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Columbia TriStar Home Video presents

Monster (2003)

"In my life, it's always been the harmless stuff that hurts the most, whereas the thing so horrible that you can't even imagine it is usually a lot easier than you think."- Lee (Charlize Theron)

Stars: Charlize Theron, Christina Ricci, Bruce Dern
Other Stars: Lee Tergesen, Annie Corley, Scott Wilson, Marco St. John, Pruitt Taylor Vince
Director: Patty Jenkins

Manufacturer: DVDL
MPAA Rating: R for Strong Violence and Sexual Content and for Pervasive Language
Run Time: 01h:48m:43s
Release Date: 2004-06-01
Genre: crime

Image Transfer
Audio Transfer
A+ AA-A+ C


DVD Review

Despite what television crime dramas would have you believe, the vast majority of serial killers are male, not female. This puts the occasional female serial killer all the more into the spotlight, and that was certainly the case with Aileen Wuornos, a prostitute who was convicted of murdering six of her johns. While the bare facts sound monstrous, director Patty Jenkins takes us deep below the surface into the life of Wuornos in this fictionalized account of her notorious killing career.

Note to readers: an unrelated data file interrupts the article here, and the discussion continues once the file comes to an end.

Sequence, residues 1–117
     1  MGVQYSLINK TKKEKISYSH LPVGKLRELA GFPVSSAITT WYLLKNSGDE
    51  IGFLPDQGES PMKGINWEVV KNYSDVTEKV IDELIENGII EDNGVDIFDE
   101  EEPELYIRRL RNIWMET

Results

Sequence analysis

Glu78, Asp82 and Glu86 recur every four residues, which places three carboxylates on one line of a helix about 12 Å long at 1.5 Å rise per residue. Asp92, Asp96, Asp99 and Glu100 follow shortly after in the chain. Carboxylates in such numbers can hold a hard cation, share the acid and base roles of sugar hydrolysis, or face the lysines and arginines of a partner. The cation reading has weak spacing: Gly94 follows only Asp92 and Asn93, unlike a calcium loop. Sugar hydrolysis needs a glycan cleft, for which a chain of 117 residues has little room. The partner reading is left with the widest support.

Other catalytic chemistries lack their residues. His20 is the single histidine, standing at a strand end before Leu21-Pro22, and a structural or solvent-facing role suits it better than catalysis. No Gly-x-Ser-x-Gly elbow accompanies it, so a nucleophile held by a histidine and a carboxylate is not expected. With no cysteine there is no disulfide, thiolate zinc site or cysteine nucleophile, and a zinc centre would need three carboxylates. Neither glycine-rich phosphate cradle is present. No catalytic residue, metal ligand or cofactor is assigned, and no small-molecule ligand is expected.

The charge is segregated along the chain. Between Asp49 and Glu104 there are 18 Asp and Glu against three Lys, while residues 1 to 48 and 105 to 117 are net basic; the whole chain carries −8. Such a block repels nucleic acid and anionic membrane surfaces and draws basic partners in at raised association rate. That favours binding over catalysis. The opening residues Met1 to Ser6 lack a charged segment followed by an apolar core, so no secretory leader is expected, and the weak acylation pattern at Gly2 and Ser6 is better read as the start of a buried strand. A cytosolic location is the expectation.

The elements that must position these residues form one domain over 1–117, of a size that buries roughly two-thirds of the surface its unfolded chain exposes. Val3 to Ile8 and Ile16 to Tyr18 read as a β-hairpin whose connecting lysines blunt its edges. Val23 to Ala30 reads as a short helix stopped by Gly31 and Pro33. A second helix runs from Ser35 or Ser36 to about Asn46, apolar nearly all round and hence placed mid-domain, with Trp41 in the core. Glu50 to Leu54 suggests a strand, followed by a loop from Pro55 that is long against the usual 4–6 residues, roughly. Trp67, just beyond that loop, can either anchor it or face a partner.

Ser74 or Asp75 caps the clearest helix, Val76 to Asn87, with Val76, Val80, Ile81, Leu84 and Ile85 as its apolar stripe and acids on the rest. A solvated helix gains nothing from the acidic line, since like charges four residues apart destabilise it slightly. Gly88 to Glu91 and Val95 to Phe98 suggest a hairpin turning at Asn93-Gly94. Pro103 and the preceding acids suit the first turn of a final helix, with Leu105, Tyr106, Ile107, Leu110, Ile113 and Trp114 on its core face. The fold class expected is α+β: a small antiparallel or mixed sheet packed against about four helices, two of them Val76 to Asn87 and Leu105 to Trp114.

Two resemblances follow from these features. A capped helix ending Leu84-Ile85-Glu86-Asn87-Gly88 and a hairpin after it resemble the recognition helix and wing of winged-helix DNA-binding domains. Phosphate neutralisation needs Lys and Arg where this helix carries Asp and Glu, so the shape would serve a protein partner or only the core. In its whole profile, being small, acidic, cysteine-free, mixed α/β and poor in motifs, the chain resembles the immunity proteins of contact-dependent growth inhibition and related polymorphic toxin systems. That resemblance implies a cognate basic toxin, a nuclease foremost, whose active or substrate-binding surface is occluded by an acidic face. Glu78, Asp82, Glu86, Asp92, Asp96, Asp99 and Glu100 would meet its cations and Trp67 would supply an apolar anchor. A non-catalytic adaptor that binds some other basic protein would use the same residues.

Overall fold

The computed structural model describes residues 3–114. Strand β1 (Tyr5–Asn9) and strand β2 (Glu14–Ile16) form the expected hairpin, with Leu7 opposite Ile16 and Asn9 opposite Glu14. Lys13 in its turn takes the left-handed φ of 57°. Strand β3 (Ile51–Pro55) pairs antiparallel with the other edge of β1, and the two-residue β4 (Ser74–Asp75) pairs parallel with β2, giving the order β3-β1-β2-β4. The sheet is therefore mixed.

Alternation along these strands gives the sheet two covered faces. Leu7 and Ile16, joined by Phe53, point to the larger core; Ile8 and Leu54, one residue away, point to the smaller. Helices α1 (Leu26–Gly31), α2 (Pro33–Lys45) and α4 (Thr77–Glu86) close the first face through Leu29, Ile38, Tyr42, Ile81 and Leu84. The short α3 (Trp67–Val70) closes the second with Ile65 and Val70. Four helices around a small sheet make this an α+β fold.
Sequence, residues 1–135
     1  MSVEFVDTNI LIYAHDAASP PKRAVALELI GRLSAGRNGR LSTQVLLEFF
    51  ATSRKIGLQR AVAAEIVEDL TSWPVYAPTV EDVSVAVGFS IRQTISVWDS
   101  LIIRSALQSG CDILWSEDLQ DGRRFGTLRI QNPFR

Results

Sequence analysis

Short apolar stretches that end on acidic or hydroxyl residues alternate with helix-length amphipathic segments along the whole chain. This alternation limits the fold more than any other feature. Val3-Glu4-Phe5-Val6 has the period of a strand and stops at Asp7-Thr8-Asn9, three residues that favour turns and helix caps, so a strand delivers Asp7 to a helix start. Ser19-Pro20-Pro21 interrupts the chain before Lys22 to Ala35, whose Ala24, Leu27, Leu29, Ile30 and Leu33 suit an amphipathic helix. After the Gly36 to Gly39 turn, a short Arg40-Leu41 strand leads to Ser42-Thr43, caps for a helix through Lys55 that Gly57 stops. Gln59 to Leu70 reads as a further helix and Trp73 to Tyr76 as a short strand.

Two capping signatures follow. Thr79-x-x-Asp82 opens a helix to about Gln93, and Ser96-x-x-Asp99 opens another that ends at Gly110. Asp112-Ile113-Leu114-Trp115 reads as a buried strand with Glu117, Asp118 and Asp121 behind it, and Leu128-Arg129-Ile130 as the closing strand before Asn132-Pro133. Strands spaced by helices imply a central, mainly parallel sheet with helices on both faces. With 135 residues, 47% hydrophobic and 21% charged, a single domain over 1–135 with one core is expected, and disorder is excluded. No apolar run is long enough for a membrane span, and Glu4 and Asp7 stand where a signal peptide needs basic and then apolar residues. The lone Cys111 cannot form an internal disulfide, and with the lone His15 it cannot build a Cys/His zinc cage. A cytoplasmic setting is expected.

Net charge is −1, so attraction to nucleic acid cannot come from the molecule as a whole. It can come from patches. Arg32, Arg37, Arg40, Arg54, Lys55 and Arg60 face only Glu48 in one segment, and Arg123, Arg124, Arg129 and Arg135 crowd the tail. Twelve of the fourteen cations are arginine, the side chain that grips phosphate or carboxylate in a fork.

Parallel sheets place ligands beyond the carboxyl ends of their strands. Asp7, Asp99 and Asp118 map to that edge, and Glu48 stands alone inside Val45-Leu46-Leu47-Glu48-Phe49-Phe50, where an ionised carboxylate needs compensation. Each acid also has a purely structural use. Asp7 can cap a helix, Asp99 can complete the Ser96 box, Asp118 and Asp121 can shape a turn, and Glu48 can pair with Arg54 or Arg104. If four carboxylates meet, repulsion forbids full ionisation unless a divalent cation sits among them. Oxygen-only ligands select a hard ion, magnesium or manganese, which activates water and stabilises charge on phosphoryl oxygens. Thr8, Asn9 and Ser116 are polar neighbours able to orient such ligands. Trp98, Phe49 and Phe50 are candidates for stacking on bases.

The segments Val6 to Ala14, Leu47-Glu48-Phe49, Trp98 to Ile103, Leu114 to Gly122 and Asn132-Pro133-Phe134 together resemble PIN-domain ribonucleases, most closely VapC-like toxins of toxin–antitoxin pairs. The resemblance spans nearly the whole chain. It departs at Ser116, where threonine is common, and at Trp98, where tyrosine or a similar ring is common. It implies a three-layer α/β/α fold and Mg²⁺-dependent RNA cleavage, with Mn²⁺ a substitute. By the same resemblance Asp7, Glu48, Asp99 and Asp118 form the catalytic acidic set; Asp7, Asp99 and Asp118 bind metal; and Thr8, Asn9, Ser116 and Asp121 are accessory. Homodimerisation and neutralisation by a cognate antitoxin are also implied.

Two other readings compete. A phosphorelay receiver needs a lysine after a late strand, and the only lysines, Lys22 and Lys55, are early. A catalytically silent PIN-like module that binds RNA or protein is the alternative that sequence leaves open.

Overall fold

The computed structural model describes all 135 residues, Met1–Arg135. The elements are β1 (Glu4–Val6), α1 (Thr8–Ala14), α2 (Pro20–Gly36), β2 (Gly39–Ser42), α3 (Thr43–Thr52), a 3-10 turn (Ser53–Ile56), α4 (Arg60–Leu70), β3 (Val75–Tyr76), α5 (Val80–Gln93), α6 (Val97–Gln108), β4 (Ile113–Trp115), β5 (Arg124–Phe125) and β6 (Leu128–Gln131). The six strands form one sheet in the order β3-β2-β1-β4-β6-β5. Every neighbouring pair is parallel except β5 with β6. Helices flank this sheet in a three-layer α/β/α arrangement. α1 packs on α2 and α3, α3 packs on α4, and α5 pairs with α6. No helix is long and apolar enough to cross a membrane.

Aileen, or as she's usually referred to, Lee (Charlize Theron), is a hooker down on her luck in Daytona, Florida circa 1990, when she wanders into a gay bar looking for a drink and runs into young Selby Wall (Christina Ricci). Initial distrust and resentment quickly turns to an emotional connection and rapidly into love, despite Selby's religious and highly disapproving family. Lee is happy to take care of Selby as best she can and supports them by hooking. But things go wrong when a john attacks her, and she reacts by killing him. The remainder of the film traces how this self-defense morphed into serial slaughter with its own peculiar morality, seen particularly well in a sequence in which an angry Lee comes across a potential victim, a stammering and pathetic virgin (Pruitt Taylor Vince). Tied in with this crime spree are the temptations and the stresses that it puts on their relationship.